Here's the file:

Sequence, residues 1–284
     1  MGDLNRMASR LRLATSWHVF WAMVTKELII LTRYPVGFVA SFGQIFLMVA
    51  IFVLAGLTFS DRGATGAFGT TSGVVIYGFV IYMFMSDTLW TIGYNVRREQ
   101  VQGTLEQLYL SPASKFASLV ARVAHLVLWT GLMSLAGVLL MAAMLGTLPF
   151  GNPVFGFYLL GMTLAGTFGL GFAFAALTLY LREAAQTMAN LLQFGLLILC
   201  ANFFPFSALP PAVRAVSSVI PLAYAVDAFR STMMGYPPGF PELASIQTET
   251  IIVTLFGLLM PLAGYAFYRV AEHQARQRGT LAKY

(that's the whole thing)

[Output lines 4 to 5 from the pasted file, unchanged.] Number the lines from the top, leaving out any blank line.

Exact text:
   101  VQGTLEQLYL SPASKFASLV ARVAHLVLWT GLMSLAGVLL MAAMLGTLPF
   151  GNPVFGFYLL GMTLAGTFGL GFAFAALTLY LREAAQTMAN LLQFGLLILC